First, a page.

A dissonant, difficult style can reward attention or shock us into recognition of difference, keep us from superficial reinscription or wake us from dogmatic slumbers. Agreed. But the necessity and reasonableness of difficulty in some contexts and for some purposes ought not to constitute a get-out-of-jail-free card. Instead, we should examine individual cases: the utterly new and exquisite involutions of an innovative dialectic might require or even benefit from a syntax that tortures common, plain, communicative style—but certainly not for simple exposition. So the bad news is bad: the first quarter of Archaeologies of the Future is very tough going, largely because of Jameson’s obtuse indifference toward or contempt for his audience.

The Good News. The terrible shame of the bad news is that—beneath such agglutinations, such infelicities, such nonsense—at the core the book is very well worth reading. Archaeologies simmers with acute and occasionally profound insights into Utopia both as a mode of literary discourse and as a mode of thought. Despite the stylistic constraints and scholarly conceits—what, in “Making a Break” (2006), Terry Eagleton calls Jameson’s “bulldozer” (26)—one still occasionally feels the exuberance of a fan, an impossible-to-constrain enthusiasm for sf’s authentically intellectual engagements.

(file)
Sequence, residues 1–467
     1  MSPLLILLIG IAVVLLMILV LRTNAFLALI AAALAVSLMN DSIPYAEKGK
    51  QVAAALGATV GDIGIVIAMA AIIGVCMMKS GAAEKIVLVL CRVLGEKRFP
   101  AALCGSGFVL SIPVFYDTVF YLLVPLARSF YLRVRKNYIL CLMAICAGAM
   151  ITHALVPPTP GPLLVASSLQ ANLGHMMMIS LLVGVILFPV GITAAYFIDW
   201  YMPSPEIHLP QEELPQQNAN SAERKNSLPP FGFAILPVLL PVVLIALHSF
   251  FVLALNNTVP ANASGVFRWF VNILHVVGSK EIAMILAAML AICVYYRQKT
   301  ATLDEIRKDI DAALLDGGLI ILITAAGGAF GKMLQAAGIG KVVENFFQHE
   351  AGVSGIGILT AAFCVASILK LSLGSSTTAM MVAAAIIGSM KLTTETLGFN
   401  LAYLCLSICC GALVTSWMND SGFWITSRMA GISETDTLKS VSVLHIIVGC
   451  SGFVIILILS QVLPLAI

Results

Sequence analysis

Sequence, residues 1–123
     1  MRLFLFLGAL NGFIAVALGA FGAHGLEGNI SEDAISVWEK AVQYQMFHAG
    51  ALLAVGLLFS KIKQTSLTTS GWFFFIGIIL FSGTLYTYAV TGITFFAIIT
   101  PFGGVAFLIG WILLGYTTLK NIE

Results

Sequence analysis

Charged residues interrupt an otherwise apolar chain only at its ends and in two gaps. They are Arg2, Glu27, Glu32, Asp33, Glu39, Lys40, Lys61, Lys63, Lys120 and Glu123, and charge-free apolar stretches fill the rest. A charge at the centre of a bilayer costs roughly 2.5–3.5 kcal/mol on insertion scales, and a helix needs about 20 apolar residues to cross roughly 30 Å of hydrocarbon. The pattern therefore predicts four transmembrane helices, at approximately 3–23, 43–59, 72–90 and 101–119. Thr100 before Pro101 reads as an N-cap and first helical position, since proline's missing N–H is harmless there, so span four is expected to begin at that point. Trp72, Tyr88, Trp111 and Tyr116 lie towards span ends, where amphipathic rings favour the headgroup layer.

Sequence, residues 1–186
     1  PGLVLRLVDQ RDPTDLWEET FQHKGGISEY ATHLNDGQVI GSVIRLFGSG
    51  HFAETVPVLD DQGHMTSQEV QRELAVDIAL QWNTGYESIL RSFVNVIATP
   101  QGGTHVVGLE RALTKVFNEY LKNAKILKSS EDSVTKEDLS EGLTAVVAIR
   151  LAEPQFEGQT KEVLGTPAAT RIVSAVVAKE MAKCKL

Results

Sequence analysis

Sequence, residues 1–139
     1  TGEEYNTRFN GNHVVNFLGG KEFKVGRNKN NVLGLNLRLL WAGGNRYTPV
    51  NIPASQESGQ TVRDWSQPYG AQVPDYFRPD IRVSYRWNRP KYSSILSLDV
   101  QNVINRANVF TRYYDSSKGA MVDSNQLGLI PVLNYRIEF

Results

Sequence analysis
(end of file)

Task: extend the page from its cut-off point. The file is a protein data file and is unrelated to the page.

Most of the key observations center on the irresolvable antinomies of the Utopian “impulse” (that amorphous hope manifest in literary dreams and wishes), that is distinct from the Utopian “project,” the more concrete sphere of worldly politics. The first several chapters survey some of the central tropes and topoi of the utopian tradition; while these pages are neither chronological nor conceptually sequential—they are instead disturbingly digressive and elliptical—they offer an interesting account of various cardinal dichotomies of utopian, dystopian, and anti-utopian imagination: prediction/wish-fulfillment, science/ideology, fantasy/sf, progress/stagnation, resistance/replication, and depersonalization/identification. Scattered about are some excellent pages on Le Guin, on Dick, on Stapledon—even on Asimov. While admirably clear, the discussion of Lem provides little new for scholars who know either the primary texts or the secondary discussions. A.J. Greimas’s semiotic square pops up several times, and, I say this sincerely, at one point Jameson deploys it to great advantage (130-31). The principal observations of these pages derive, ironically, from style—though here understood as characteristic cognitive pattern. In “The Politics of Style” (1982), Eagleton argues that Jameson “is a master of coruscating connection and brilliant analogies, whose primarily [sic] intellectual habit is metaphor; his texts form a kind of immense combinatoire into which others’ ideas are fed only to emerge as strikingly novel insights of his own” (21-22).